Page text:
The Physical Oceanography Division (PhOD) is a part of the Atlantic Oceanographic and Meteorological Laboratory (AOML) together with the Ocean Chemistry and Hurricane Research Divisions. The Physical Oceanography Division carries out interdisciplinary scientific investigations of the physics of ocean currents and water properties, and on the role of the ocean in climate, extreme weather events, and ecosystems. The tools used to carry out these studies range from sensors on deep ocean moorings to satellite-based instruments to measurements made on research and commercial shipping vessels and autonomous vehicles, and include data analysis and numerical modeling as well as theoretical approaches.
- Meso-to-large scale dynamics and variability of ocean currents;
- The redistribution of heat, salt and momentum through the oceans;
- The interactions between oceans, atmosphere, and coastal environments;
- The influence of climate variability on the ocean ecosystems, hurricanes and tornadoes;
NOAA AOML's Underwater Glider Project
PIRATA Northeast Extension cruise
Leg 2 of the PIRATA Northeast Extension (PNE) cruise is ongoing, with PhOD personnel Rick Lumpkin, Zach Barton, Shaun Dolk and Erik Valdes. During the most recent week, an ATLAS mooring was recovered at 4N 23W, two moorings were deployed at that site - including a mooring with numerous current meters funded by PhOD (PI Renellys Perez) to study upper ocean velocity shear - and a CTD section was occupied along 23W. The CTD casts are being collected at 1/4 degree spacing between 2N and 2S, and are anticipated to be completed by sunrise on January 26. Go>>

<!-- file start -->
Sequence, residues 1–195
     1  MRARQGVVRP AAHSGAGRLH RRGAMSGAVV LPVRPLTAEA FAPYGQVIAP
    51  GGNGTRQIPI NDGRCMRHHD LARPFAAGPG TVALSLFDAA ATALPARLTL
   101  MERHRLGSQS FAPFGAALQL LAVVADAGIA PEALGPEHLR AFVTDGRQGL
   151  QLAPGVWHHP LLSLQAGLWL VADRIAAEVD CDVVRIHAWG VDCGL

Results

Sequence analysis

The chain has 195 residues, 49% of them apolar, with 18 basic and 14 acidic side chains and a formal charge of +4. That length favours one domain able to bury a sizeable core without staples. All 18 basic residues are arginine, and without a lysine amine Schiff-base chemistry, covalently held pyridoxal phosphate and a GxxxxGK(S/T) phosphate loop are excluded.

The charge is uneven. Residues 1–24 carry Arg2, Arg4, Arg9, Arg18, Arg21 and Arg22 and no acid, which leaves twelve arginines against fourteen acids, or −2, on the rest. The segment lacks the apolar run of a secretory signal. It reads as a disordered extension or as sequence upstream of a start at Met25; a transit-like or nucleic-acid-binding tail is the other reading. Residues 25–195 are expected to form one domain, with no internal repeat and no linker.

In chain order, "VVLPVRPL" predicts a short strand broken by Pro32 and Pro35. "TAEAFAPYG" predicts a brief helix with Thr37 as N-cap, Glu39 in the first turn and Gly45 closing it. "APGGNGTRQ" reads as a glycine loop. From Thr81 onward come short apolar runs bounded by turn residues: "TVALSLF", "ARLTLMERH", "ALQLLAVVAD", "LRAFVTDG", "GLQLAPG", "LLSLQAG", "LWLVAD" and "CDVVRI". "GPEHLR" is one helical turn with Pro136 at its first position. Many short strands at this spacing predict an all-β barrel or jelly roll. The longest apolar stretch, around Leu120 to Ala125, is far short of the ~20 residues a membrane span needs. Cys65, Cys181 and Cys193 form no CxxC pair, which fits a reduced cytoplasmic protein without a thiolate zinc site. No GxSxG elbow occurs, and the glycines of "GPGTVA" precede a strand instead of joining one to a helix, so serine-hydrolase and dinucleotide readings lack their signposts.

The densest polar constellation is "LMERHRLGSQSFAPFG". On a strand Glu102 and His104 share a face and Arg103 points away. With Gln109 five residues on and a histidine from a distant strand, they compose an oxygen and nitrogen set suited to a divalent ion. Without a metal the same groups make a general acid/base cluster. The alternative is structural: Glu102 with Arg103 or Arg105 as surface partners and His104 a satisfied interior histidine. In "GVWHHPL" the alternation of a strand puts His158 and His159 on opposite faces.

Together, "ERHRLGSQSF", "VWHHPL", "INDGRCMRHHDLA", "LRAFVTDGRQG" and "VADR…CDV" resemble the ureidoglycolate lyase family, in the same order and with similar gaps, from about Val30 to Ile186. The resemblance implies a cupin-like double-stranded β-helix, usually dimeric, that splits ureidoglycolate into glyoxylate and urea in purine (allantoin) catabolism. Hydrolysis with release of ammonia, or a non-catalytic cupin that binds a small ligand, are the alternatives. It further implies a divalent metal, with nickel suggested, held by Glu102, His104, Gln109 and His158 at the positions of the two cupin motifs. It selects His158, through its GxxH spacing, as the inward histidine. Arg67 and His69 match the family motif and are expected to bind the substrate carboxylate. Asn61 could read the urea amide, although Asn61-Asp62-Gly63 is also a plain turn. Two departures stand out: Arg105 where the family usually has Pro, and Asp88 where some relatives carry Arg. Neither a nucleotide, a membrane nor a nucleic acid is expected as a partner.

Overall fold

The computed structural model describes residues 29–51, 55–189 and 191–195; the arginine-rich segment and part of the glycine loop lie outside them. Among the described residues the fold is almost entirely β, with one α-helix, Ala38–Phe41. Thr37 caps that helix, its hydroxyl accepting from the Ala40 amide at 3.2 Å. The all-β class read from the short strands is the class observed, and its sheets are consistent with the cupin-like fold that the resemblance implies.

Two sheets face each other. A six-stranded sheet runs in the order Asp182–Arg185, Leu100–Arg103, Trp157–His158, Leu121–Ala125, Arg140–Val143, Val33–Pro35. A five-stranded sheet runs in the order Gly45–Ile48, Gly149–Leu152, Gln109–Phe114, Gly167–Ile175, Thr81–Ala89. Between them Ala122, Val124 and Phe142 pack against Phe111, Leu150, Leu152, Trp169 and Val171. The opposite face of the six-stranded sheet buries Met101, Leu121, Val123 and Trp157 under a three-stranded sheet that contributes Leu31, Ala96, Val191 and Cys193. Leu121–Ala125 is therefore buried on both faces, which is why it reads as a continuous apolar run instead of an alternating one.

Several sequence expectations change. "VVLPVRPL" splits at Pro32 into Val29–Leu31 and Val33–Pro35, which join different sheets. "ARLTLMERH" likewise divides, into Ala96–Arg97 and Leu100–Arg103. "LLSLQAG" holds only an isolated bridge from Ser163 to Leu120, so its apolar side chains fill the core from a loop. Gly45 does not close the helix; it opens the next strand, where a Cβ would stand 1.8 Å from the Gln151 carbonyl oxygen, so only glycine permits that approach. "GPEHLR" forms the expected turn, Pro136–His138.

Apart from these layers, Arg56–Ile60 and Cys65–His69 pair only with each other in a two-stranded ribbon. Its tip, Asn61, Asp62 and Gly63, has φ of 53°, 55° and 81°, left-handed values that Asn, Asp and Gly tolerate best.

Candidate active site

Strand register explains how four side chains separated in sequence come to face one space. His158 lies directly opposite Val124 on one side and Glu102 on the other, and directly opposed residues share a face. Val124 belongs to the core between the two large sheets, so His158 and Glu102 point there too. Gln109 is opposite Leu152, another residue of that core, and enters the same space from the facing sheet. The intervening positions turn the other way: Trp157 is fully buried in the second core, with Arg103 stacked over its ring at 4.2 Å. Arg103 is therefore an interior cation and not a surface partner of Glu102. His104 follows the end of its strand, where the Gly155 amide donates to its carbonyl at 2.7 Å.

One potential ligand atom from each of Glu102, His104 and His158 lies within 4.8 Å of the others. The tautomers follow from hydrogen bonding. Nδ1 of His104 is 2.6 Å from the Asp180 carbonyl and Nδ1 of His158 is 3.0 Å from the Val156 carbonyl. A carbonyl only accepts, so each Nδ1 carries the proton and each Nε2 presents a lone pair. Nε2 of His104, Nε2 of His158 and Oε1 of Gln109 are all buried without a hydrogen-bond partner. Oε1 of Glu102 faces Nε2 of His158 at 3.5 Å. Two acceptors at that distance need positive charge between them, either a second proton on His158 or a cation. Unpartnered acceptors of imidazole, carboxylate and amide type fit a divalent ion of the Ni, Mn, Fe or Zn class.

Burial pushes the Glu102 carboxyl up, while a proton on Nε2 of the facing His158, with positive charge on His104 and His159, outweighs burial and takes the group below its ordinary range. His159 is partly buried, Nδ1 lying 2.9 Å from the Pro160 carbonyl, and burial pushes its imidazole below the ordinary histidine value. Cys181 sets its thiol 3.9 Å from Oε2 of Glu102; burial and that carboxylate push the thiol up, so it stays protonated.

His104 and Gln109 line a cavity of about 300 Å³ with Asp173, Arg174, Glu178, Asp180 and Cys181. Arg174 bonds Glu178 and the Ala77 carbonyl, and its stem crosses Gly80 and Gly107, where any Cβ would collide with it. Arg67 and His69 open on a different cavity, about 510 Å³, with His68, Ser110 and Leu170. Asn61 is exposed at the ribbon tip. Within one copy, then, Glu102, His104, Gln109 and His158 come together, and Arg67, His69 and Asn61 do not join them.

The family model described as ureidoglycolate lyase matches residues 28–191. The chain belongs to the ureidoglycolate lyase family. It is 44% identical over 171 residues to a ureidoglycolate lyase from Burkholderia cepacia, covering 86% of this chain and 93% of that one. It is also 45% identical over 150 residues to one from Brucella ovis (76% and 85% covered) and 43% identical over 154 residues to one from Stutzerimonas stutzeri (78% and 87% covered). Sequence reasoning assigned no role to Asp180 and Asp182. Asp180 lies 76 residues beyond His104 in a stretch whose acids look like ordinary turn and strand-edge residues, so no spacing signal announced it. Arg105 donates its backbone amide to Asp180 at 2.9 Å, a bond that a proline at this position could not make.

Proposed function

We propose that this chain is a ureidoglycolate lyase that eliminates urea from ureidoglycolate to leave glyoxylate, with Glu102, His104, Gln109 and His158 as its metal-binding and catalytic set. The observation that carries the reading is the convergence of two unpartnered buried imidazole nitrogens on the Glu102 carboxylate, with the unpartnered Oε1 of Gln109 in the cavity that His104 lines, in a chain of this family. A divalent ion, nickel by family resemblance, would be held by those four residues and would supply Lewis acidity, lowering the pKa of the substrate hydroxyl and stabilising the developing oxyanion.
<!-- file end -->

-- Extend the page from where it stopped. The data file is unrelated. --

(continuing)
- Spring persistence, transition, and resurgence of El Niño. [pdf]
- Amazon River water in the northeastern Caribbean Sea and its effect on larval reef fish assemblages during April 2009. [pdf]
- On the estimation of Lagrangian diffusivity: Influence of nonstationary mean flow. [pdf]
- Mean vertical and horizontal structure of the subtropical circulation in the South Atlantic from three-dimensional observed velocity fields. [pdf]
- Attribution of Deep Western Boundary Current variability at 26.5N [pdf]
- A global perspective on CMIP5 climate model biases [pdf]
February 2015 Employee and Team Member of the Month
Team Member of the Month (OAR): Ricardo Domingues and his colleagues at NOAA's Atlantic Oceanographic and Meteorological Laboratory developed a ship reporting system, designed to protect North Atlantic right whales, a critically endangered species with an estimated population of only 300 to 400. Go>>
Underwater glider deployment
All seminars are held at the AOML first floor conference room, unless otherwise stated.
A list of recent PhOD seminars can be found here.